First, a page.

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Saturday, 24 August 2013

The great killer cover up

Britain has some of the worst air pollution in Europe, so why does the government want to scrap air quality monitoring stations?

For a country whose capital city has the worst air quality in Europe, you would expect England to be taking drastic steps to curb the problem of air pollution. However, in a move of almost unparalleled recklessness, the government intends to make changes that could result in the closure of up to 600 air quality monitoring stations.

Ministers want to remove obligations on local authorities to assess levels of air pollution, a decision that could spell disaster for efforts to curb a problem that causes 29,000 early deaths every year. This scheme is part of the ‘Red Tape Challenge’, in which government departments compete to make savings to their budgets. 

What is even more mind boggling is the justification for this irresponsible cost-cutting, as outlined in the consultation document. After explaining the extensive monitoring that is currently in place to assess air pollution, the overview concludes:

“It is therefore perhaps more important that local authorities focus their actions on what is needed to… reduce the public health impacts of poor air quality rather than continue their current focus on local assessment”.

In other words, politicians wish to obscure the true scale of the problem and instead gain some positive PR through superficial measures to green up our cities. Monitoring is there for a reason – to inform and direct action. It is impossible to have an effective air quality management strategy without it.

Justine Greening, the excellent MP for Putney, is one senior minister who recognises the importance of this process. She specifically identified the “detailed monitoring of air pollution” as a means of tackling the problem in her constituency.

The possibility of removing air quality monitoring stations is even more worrying when we consider the lack of political action that characterises the current approach to air pollution.

This summer, the government twice failed on their duty to notify the public about dangerous levels of ozone on 16 and 22 July in line with UK and international law.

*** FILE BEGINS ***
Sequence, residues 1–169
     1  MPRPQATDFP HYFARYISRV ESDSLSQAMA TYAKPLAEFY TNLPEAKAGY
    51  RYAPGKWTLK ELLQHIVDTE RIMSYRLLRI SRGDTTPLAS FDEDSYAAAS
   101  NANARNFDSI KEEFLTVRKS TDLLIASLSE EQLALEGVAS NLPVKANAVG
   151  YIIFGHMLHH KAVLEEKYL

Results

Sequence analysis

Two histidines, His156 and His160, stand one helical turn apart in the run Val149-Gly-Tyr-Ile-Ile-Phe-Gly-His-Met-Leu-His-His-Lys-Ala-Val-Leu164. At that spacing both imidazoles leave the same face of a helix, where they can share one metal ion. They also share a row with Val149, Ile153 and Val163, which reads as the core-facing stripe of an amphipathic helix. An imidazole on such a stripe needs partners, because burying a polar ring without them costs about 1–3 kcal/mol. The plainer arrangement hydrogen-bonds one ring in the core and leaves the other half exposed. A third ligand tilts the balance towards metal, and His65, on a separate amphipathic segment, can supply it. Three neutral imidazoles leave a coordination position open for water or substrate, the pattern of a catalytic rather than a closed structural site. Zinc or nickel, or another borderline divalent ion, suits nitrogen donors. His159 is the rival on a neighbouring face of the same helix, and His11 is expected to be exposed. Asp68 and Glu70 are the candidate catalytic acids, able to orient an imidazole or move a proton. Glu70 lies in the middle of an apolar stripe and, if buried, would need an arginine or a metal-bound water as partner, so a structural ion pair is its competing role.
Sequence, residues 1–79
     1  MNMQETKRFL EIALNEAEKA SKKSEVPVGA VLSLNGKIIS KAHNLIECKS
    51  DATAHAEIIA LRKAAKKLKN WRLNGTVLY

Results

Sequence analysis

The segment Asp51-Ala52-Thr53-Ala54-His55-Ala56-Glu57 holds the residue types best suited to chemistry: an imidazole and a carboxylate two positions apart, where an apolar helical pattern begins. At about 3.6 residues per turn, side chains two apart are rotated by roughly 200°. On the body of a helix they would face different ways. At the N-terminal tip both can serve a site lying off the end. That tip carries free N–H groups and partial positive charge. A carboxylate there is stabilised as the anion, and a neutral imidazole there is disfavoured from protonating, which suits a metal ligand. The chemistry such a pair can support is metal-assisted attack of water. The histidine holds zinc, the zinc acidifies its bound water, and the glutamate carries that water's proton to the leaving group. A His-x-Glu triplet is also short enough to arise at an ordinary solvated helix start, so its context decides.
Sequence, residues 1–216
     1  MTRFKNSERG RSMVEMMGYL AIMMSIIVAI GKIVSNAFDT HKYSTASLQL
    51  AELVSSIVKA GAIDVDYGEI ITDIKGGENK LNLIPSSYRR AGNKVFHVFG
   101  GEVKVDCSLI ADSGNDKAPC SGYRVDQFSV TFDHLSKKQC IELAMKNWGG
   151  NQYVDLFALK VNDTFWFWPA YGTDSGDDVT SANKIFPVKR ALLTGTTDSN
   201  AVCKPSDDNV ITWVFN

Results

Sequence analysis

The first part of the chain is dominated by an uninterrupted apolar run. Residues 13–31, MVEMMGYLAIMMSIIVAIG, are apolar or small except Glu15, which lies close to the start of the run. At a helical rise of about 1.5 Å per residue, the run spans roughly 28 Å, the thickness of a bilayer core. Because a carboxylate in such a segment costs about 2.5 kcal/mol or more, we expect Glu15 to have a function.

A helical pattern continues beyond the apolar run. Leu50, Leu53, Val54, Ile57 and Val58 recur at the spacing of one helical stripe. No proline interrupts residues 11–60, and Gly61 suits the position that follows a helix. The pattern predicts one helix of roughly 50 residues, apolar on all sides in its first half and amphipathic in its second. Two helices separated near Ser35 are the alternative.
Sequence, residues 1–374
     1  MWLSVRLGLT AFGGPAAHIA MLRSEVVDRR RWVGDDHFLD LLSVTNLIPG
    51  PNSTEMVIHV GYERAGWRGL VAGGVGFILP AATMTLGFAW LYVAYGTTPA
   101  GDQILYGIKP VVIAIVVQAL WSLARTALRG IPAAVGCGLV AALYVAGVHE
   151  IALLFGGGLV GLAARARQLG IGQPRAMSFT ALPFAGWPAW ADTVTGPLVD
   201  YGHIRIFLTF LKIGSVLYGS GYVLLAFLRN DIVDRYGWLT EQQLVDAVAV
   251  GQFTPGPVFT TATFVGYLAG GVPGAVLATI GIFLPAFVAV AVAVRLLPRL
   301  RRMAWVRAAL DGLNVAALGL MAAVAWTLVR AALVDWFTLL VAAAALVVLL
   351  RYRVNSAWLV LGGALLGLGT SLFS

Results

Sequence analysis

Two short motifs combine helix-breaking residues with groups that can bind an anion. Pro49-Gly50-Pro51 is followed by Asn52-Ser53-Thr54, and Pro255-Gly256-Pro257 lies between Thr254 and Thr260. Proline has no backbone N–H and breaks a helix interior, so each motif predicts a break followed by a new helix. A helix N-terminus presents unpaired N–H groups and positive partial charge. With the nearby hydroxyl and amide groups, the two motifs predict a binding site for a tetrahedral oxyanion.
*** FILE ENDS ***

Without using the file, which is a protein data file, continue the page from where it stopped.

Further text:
Ministers have also refused to warn drivers of diesel vehicles – potentially numbering in the hundreds of thousands – that they risk legal action by removing particulate filters which reduce emissions of carcinogenic gases.

This catalogue of errors led to a Supreme Court ruling this year that the government was not doing enough to tackle the problem of air pollution. This decision by the highest court in the land could also pave the way for legal action by the European Commission, which has the power to levy huge fines for the government’s failure to meet air quality targets.

What is needed is a total rethink of our approach to the problem of air pollution in our society. Using a comparison originally made by the environmental journalist George Monbiot, we need to make the same fuss over deaths caused by car fumes as we do with cigarettes. Forget passive smoking, what about “passive driving”.

With smoking, it is accepted that people have a moral right to harm themselves through their own lifestyle choices but that this cannot be at the expense of others. Therefore, people falling ill through passively inhaling cigarette smoke is rightfully seen as unacceptable, and this is used as a justification for nearly all government policies to discourage smoking.

Yet what about passive driving? The number of preventable deaths caused in the UK by air pollution from vehicles far outweighs those caused by passive smoking, which at the last accurate measure was 11,000. Of course private cars are not the only issue here – London is particularly badly effected by public buses – but they are a major factor.

The main problem seems to be one of awareness – everyone knows that passive smoking causes lung cancer - but the effects of air pollution on the heart and lungs is not as widely publicised. Perhaps if we could introduce at least some the language of mutual responsibility into the air quality debate we could start to see real change.

There are some positive signs though. Mass-market electric vehicles may also soon be a reality, as the car manufacturer Tesla announces plans to expand in Europe and Asia. The technology is at our fingertips, and there is no reason why vehicle charging stations should not be rolled out across the UK.

The new ‘Boris buses’, which are already being rolled out across London, are fuelled by a hybrid diesel engine that emits three quarters less nitrogen dioxide than conventional models, although some of the mayor’s opponents at the London Assembly dispute this figure. 

Yet, we must not be fooled by short term solutions. The idea of powering cars using shale gas as a way to tackle air pollution – regularly touted by evangelical frackers – is a blatant case of tunnel vision. There is no use having marginally cleaner air in our cities if we are simply going to destroy our planet by exacerbating global warming in the process.

The fundamental point is that none of the progress we need can be achieved if we allow our politicians to ignore the problem of air pollution by closing monitoring stations. It is time to accept that we have a huge problem on our hands that is killing thousands of people.

If cutting unnecessary bureaucracy is what the government are after, how about sacking whoever came up with this outrageous suggestion.  

For a template of a letter you can email to your MP please visit:

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